Changes to the bottle bill as proposed in Gov. Andrew Cuomo’s State of the State address were not included in the recently concluded state budget. The proposal, which would expand the Returnable Container Act and add a 5¢ deposit to most non-carbonated beverages, wine, spirits, and hard cider. The bottle bill has proven track record of solid waste diversion and litter prevention.
In 2016, 5.1 billion containers with deposits were returned for recycling. Since beverage containers are PET (polyethylene terephthalate) plastic, glass, or aluminum, the system effectively presorts these items into a ready-for-recycling source for processors to prepare for its next use. Any unclaimed deposits are dedicated to the state’s Environmental Protection Fund. So, with all of the positives (and the blessing of the governor), why hasn’t this bill passed?
The answer, so far, is municipal recycling programs. With the Chinese ban on plastic waste imports, PET plastic is the only thing that keeps local recycling going. With all of the other commodity pricing nose-diving in 2018, PET plastic prices stabilized at a much higher rate, allowing recycling programs to remain less costly than garbage pickups. This is primarily due to the influence of large beverage bottlers committing to an increased recycled content in their bottles. This will only increase the price as their commitments drive demand for the recycled stock.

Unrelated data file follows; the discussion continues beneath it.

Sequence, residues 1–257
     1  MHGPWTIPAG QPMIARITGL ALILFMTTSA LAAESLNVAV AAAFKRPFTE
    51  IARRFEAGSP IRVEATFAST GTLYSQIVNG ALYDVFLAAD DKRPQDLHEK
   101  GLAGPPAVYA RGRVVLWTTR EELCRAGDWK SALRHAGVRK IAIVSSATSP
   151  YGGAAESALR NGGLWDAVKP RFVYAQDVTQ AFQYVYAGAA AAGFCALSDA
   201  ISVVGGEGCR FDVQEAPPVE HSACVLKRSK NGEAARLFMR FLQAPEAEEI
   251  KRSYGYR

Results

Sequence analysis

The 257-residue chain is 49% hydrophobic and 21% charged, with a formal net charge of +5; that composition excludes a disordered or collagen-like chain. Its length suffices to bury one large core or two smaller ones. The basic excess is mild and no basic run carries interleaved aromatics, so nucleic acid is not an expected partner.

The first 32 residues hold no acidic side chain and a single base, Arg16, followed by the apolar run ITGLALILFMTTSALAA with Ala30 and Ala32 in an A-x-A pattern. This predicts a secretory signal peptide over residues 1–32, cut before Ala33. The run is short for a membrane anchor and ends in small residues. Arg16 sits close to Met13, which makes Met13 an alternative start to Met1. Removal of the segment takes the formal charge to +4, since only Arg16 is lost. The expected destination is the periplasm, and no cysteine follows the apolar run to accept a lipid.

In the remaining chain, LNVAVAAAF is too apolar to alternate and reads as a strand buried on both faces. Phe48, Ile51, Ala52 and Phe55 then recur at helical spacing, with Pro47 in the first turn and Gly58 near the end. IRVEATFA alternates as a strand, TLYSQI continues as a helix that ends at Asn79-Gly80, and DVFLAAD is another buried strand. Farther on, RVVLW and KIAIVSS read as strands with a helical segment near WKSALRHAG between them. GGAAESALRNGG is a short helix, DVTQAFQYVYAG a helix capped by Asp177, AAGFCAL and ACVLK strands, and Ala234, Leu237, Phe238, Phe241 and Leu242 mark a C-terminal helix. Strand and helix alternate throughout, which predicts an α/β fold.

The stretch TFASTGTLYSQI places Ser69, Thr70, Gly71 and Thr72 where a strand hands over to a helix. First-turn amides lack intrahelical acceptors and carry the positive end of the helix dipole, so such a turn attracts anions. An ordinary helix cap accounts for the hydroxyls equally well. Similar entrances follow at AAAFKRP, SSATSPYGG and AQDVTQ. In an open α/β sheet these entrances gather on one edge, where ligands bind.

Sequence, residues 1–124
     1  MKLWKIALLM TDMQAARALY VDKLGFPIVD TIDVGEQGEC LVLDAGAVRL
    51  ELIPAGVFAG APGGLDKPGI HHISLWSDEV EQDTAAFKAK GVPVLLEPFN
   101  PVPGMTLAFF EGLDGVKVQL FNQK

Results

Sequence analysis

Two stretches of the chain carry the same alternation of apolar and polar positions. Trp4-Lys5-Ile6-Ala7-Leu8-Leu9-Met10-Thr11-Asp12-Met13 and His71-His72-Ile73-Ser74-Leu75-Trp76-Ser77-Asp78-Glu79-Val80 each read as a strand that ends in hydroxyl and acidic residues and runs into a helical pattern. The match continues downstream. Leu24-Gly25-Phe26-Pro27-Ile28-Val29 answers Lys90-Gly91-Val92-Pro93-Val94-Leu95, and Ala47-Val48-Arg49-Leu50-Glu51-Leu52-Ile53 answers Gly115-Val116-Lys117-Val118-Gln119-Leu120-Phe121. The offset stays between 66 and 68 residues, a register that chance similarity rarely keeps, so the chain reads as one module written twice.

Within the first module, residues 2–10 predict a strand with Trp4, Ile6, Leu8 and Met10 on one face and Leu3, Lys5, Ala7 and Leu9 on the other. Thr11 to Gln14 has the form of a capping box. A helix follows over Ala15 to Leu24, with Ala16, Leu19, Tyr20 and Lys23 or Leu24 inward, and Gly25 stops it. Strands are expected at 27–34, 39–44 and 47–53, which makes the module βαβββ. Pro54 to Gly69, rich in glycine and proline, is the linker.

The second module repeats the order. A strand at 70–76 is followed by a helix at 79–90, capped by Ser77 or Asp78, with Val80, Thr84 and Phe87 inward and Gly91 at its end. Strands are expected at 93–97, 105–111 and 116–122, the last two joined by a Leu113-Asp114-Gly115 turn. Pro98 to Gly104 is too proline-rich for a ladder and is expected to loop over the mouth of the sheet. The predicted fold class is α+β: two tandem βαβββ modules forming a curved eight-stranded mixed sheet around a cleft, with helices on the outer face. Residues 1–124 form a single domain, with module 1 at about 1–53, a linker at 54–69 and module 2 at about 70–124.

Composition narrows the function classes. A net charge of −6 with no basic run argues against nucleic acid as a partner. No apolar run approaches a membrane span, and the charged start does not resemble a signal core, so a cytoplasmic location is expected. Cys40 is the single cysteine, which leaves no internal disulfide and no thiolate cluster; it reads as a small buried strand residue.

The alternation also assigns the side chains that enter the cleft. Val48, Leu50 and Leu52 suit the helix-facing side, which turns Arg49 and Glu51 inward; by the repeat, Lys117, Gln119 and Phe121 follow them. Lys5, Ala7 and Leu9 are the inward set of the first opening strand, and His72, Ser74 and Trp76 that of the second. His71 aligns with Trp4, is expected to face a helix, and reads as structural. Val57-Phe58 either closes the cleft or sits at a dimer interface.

The bottle bill, in its present form, does not protect local communities from a second recycling price shock. Without the PET plastic, municipalities may be forced to abandon recycling programs as it will cost more to collect recyclables separate than it would to add these to the regular garbage pickup.
New York State legislators should consider refunding the additional bottle bill revenue to municipalities to cover the additional costs for recycling programs due to the lost revenues of PET plastic containers.
John S. Szalasny